Niddah 30 - 36
Blessings in Disguise
There is a statue in the town of Enterprise, Alabama in the U.S. honoring the boll weevil. This was the predatory insect which one year destroyed the entire cotton crop of that southern state whose entire economy was built on that product. Although it was initially viewed as a catastrophe, it turned out to be a blessing in disguise for it forced the people to diversify their economy by raising peanuts and livestock. In appreciation of the boll weevils role in improving the states economy the grateful citizens honored this erstwhile terror with a statue.
This was a modern version of what Rabbi Yosef teaches us in the meaning of the passage "I will praise you G-d for showing anger toward me. Your anger has been turned away and You have comforted me." (Yeshayahu 12:1) He offers a parable to teach the lesson of hidden blessings conveyed by this passage:
Two people set out to conduct business ventures. One of them sustains an injury from a splinter in his flesh which prevents him from embarking on a sea voyage which promised great profits. He instinctively begins to curse his bad fortune. Some days later he learns that the other fellows ship has sunk. Now realizing that his injury saved him from a similar fate, he thanks and praises G-d.
The Talmud and Midrash are filled with stories of Sages who viewed every apparent misfortune as a blessing in disguise. A particularly striking one concerns a very generous contributor to charity by the name of Abba Yehuda who suffered a setback in his fortunes. He nevertheless gave away to the Sages collecting for a worthy cause half of his last remaining field. They prayed for his recovery and their prayers were soon answered. As he was plowing his last remaining earth, his cow fell into a pit and broke its leg. As he descended to raise it, his eyes were opened by Heaven to see a buried treasure. He then exclaimed what became the motto for all such discoveries: "It was for my benefit that my cows leg was broken."
- Niddah 31a
Voices and Looks
Why, asked the disciples of Rabbi Dostai, is the voice of a woman so much more pleasant than that of a man?
The answer he gave was to refer them to the source of each. Woman was created from the rib of man and when a rib is struck it emits a musical sound. Man was created from earth which emits only a dull thud when struck.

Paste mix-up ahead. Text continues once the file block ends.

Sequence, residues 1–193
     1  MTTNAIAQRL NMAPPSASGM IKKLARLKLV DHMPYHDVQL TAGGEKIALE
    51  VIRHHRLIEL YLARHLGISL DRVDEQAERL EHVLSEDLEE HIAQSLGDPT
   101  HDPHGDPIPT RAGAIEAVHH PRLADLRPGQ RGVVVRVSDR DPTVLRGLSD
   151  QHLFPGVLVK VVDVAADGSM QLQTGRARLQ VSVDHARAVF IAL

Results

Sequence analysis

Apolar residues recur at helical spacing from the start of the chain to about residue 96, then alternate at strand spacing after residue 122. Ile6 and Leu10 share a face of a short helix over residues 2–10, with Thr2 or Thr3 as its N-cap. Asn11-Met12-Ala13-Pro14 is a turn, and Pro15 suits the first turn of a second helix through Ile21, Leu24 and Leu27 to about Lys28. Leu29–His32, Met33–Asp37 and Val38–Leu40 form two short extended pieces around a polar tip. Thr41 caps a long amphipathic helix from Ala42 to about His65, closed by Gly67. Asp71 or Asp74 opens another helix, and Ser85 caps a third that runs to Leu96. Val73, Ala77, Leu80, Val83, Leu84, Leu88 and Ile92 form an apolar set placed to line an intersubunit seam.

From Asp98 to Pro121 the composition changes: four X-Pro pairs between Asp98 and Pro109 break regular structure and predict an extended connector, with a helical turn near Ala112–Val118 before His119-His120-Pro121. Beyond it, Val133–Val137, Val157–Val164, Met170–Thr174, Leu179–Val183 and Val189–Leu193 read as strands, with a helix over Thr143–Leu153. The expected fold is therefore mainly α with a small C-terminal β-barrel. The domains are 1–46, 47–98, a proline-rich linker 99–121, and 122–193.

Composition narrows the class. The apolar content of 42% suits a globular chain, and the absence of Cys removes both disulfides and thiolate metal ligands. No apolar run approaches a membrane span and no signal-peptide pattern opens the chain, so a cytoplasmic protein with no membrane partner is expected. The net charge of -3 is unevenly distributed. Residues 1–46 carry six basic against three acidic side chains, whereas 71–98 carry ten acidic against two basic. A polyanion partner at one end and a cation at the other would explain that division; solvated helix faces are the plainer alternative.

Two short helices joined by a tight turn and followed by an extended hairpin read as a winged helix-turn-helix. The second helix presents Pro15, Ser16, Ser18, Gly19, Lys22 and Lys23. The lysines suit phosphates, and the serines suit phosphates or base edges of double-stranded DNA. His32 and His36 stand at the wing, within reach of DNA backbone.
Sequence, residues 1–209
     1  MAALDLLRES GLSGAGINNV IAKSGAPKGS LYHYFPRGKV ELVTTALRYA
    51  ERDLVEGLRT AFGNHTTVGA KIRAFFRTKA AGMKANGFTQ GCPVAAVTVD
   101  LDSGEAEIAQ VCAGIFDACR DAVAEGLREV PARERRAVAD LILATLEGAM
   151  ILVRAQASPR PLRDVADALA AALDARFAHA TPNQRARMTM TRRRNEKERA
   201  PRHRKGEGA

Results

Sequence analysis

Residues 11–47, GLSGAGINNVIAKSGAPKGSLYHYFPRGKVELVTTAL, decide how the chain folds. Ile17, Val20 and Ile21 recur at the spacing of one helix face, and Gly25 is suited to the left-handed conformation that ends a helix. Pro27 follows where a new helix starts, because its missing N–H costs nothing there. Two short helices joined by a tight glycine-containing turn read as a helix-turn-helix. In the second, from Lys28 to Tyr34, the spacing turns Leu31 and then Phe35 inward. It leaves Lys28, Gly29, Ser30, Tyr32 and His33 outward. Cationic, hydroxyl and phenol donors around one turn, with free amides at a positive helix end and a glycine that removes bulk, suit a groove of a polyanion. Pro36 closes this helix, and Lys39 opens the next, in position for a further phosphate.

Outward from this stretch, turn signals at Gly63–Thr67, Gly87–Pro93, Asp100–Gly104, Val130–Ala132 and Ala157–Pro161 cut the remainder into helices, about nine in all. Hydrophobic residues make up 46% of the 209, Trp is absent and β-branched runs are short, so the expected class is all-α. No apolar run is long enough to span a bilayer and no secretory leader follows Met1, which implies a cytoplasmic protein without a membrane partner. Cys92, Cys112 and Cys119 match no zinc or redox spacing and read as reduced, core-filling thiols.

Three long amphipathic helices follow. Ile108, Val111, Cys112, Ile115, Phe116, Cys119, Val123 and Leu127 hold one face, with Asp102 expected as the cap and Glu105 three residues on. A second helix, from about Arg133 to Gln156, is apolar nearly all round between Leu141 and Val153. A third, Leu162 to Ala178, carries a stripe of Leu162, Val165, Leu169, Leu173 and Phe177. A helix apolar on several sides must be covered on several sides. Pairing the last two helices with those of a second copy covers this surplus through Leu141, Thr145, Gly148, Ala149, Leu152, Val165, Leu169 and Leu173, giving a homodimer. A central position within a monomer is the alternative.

What follows this explanation in bringing this third perek of Mesechta Niddah to a close is a quote from Shir Hashirim where the beloved woman is thus praised: "For your voice is pleasant and your appearance beautiful" (2:14).
The commentaries differ in their explanation of this particular quote. Tosefot takes note that when the beloved man in this dialogue of lovers is praised, it is for being of a "clear and ruddy complexion" (ibid. 5:10) with no mention of the quality of his voice.
Maharsha understood that Tosefot intended to prove from the contrast between these two passages that a womans voice is more pleasant than that of the man. He rejects this approach for two reasons. First of all, the obvious difference between the voices of the two genders needs no support from Tanach. Secondly, the passage pointing out the superior quality of the feminine voice should have been quoted by the disciples in their question rather than appear as part of the response. He, therefore, concludes that this passage is not related to the dialogue but merely appears as a nice way of ending the perek.
Another commentary, Iyun Yaakov, understood that Tosefot was attempting to answer a question which could arise from the dialogue between Rabbi Dostai and his disciples. Why, we might ask, did they not ask their master why a womans looks are more pleasant than those of a man? The reason they did not ask this, suggests Tosefot, is because the man is also praised for his appearance and it is only in regard to the voice that a difference is made.
- Niddah 31b